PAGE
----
By Katrina Schwartz, Mind/Shift (from June 14, 2017)
Untangling education research can often feel overwhelming, which may be why many research-based practices take a long time to show up in real classrooms. It could also be one reason John Hattie's work and book, Visible Learning, appeals to so many educators. Rather than focusing on one aspect of teaching, Hattie synthesizes education research done all over the world in a variety of settings into meta analyses, trying to understand what works in classrooms.
By Katrina Schwartz, Mind/Shift (from June 14, 2017)
By Sabina Nawaz, Harvard Business Review (from May 15, 2017)
Organizations invest a lot of time and money in hiring the right CEO or senior executive to set a vision and make the changes in their company. Yet within the first 18 months, there's a 50% chance the executive will leave the organization. This failure comes with enormous costs, not only in disruption to the organization but financially, too. One estimate puts the cost at 10 times the executive's salary – sometimes more.
By Lisa Ward, The Wall Street Journal (from June 8, 2017)
How can you save over $20,000 on college costs? Graduate on time. At four-year schools, only about 40% of full-time students graduate on time, according to the National Center for Education Statistics, part of the U.S. Department of Education.
By Judith Burns, BBC News (from June 17, 2017)
Modern science produces so much data that scientists can't cope with it all - so why not enlist schoolchildren to help? The new Sky Explorers club at Wheatfields Junior School in St Albans is making use of a night sky camera which has been installed on the building's roof.
By Jennifer Gonzalez, Cult of Pedagogy (from June 19, 2017)
As a whole, teachers aren't great about taking care of themselves. You work too many hours, don't get enough sleep or exercise, eat too many unhealthy foods, and don't spend enough time doing things that refresh and energize you.
By Lisa Damour, The New York Times (from June 21, 2017)
As summer gets underway, teenagers may be home more often, but that doesn't necessarily mean you'll see more of them. If they retreat to their rooms for hours or seem cagey about their plans, don't take it personally. Following are four truths about teens that may help you and your adolescent coexist.
By Samantha Schmidt, The Washington Post (from June 5, 2017)
The Facebook messaging group was at one point titled "Harvard memes for horny bourgeois teens." It began when about 100 members of Harvard College's incoming freshman class contacted each other through the university's official Class of 2021 Facebook group. They created a messaging group where students could share memes about popular culture — a growing trend on the Internet among students at elite colleges.
By Jillian Berman, Market Watch (from June 5, 2017)
The share of new bachelor's degrees awarded in the humanities dropped below 12% in 2015 for the first time since 1987, according to an analysis released Monday by Humanities Indicators, a project of the American Academy of Arts & Sciences which tracks data on the state of humanities fields. The drop comes after 10 years in a row of declines, including a 5% drop from the previous year and a 9.5% decline from a recent high point in humanities degrees in 2012.
By Sally Weale, The Guardian (from March 12, 2017)
Teaching children according to their individual "learning style" does not achieve better results and should be ditched by schools in favour of evidence-based practice, according to leading scientists.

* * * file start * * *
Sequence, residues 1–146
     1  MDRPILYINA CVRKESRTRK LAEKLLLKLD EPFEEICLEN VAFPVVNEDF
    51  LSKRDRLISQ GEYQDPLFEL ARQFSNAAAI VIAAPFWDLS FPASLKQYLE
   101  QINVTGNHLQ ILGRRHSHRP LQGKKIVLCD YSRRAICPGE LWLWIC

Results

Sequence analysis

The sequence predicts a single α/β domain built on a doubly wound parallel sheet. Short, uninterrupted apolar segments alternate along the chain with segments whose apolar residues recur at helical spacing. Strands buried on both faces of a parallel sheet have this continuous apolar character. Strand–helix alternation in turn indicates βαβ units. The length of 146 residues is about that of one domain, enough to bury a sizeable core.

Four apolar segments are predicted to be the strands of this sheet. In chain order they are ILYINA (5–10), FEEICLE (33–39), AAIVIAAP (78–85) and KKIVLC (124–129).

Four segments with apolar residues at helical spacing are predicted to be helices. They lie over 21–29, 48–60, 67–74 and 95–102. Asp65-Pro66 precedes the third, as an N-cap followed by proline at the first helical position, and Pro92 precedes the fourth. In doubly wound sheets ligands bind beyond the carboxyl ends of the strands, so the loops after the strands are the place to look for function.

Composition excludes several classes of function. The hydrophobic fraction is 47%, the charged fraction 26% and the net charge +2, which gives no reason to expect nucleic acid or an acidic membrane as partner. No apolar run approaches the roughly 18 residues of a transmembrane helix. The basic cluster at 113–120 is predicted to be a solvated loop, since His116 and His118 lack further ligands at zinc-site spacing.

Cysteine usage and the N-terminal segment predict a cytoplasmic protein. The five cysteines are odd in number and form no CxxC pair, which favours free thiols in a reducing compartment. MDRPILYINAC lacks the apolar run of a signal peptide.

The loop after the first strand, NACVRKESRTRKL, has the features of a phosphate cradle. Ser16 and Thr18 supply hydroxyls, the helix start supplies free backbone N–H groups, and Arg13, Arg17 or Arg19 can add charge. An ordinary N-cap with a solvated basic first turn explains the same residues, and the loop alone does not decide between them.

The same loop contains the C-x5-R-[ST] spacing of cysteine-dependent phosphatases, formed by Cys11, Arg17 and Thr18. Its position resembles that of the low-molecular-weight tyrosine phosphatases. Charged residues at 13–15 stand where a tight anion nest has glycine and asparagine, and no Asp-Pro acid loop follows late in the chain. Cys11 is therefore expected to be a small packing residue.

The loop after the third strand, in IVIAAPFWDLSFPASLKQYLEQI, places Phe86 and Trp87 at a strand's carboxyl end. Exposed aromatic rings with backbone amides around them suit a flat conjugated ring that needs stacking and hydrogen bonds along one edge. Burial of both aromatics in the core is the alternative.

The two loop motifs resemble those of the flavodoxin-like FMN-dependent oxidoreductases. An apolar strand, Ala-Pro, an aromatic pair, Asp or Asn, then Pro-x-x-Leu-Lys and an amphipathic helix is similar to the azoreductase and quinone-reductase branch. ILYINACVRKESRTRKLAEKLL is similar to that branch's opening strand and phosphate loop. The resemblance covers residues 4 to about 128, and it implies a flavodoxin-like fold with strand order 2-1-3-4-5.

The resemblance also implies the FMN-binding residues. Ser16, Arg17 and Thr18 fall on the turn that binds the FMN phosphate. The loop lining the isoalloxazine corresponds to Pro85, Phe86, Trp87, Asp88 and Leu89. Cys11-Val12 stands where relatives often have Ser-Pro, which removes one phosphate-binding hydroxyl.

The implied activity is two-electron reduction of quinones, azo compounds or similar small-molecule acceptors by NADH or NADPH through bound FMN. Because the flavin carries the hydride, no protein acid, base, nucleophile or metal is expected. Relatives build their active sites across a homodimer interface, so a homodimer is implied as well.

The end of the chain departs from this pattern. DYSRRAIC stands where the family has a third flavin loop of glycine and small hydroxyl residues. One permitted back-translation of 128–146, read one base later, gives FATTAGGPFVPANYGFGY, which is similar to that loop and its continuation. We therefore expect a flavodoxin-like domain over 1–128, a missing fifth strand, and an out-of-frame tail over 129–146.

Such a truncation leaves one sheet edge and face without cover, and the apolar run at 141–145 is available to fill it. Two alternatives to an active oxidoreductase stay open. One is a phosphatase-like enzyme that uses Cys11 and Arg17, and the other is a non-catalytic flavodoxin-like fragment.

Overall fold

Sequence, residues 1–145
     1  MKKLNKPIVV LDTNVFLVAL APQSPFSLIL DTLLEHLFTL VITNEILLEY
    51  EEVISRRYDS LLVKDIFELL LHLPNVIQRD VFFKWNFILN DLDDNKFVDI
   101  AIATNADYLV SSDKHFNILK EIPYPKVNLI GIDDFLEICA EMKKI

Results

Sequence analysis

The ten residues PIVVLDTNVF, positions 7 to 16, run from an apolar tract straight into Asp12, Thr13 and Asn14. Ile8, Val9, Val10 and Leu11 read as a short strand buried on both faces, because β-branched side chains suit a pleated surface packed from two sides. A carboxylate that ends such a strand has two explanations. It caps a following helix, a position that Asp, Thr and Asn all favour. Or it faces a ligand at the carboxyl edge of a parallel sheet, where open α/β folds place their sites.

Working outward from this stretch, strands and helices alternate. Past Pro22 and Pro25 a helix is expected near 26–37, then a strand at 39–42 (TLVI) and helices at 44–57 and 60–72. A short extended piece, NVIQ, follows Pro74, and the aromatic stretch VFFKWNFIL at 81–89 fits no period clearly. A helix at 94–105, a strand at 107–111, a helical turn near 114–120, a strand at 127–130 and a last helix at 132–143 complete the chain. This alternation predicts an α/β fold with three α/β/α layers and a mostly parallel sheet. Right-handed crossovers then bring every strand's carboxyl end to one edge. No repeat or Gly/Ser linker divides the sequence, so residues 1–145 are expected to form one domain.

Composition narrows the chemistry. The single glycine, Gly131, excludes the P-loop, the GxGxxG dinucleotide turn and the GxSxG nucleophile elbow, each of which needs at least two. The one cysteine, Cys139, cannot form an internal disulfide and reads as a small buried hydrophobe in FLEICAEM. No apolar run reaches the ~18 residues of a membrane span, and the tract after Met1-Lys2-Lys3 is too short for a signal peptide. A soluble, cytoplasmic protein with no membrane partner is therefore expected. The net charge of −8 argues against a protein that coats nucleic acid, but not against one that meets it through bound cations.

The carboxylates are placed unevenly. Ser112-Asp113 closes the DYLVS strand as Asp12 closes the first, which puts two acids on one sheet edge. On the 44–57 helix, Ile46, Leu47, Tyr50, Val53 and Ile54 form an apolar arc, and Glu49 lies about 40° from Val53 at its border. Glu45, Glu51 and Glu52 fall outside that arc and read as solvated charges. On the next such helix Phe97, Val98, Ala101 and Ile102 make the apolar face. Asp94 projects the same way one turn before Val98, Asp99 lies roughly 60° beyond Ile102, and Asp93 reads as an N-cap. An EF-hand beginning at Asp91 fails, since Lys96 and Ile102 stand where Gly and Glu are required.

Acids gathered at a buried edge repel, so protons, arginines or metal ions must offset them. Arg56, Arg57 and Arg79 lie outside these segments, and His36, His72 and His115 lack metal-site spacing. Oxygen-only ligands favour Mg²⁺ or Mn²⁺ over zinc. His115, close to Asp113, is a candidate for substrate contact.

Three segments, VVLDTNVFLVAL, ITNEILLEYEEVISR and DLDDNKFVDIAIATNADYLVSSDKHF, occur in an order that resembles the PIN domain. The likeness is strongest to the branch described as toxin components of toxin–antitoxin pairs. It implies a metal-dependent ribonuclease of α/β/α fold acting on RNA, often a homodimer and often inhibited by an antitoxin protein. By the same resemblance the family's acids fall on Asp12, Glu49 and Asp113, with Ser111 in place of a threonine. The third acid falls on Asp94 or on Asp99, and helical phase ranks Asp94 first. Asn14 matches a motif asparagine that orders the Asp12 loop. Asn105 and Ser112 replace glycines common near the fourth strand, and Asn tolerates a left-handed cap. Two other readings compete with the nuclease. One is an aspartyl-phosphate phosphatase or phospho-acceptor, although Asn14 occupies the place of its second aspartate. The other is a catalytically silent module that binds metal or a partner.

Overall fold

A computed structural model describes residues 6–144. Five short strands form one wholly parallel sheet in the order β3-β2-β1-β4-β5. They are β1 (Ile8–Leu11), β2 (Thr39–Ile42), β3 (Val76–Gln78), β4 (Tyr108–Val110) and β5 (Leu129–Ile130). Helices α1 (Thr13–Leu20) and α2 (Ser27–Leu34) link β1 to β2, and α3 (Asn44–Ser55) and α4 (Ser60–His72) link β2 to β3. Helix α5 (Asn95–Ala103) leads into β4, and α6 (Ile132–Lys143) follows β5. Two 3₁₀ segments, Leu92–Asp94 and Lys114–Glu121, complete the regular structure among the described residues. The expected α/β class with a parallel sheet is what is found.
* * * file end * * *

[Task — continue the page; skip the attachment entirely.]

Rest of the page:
By Frank Bruni, The New York Times (from June 3, 2017)
Racism pervades our country. Students who have roiled college campuses from coast to coast have that exactly right. But we're never going to make the progress that we need to if they hurl the word "racist" as reflexively and indiscriminately as some of them do, in a frenzy of righteousness aimed at gagging speakers and strangling debate.
BBC News (from June 2, 2017)
Ananya Vinay from Fresno correctly spelled the word marocain - a type of dress fabric - to defeat Rohan Rajeev, 14, from Oklahoma. The rivals had correctly spelled words including cheiropompholyx, durchkomponiert and tchefuncte as each waited for the other to slip up.
By Erica L. Green, The New York Times (from June 2, 2017)
Washington - Since her confirmation as the education secretary, Betsy DeVos has been the Trump cabinet member liberals love to hate, denouncing her as an out-of-touch, evangelical billionaire without the desire or capacity to protect vulnerable poor, black, immigrant, gay or transgender students.
By Bekah McNeel, The Rivard Report (from February 1, 2017)
Every morning Head of School John Webster takes 15-30 minutes with the San Antonio Academy student body to set the tone for the day. In this short chapel service he is direct, yet affable. His voice is full of genuine concern for the 345 boys gathered in the warm light of Ellison Hall.
By Derek Thompson, The Atlantic (from April 1, 2017)
This time of year, thousands of college applicants await e-notices and auspiciously sized envelopes from schools, under terrible pressure from their parents, friends, teachers, and fretful inner-monologues. To this anxious lot, I offer some advice, which comes not only from a bit of experience, but also a bit of empirical research: just chill out, okay?
By Elizabeth A. Harris, The New York Times (from April 13, 2017)
Choate Rosemary Hall, the elite Connecticut boarding school, said on Thursday that at least 12 former teachers had sexually molested - and, in at least one case, raped - students in a pattern of abuse dating to the 1960's. The allegations in a report prepared by an investigator for the board of trustees include instances of "intimate kissing" and "intimate touching".